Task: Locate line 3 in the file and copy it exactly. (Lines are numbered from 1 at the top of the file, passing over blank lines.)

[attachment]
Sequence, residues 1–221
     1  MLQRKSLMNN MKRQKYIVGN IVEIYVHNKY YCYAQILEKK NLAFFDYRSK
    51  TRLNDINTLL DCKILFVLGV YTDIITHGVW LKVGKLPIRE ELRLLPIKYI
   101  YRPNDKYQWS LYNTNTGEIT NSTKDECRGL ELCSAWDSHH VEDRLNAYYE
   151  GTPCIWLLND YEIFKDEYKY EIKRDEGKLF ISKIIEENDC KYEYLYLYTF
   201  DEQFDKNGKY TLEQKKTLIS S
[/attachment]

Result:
    51  TRLNDINTLL DCKILFVLGV YTDIITHGVW LKVGKLPIRE ELRLLPIKYI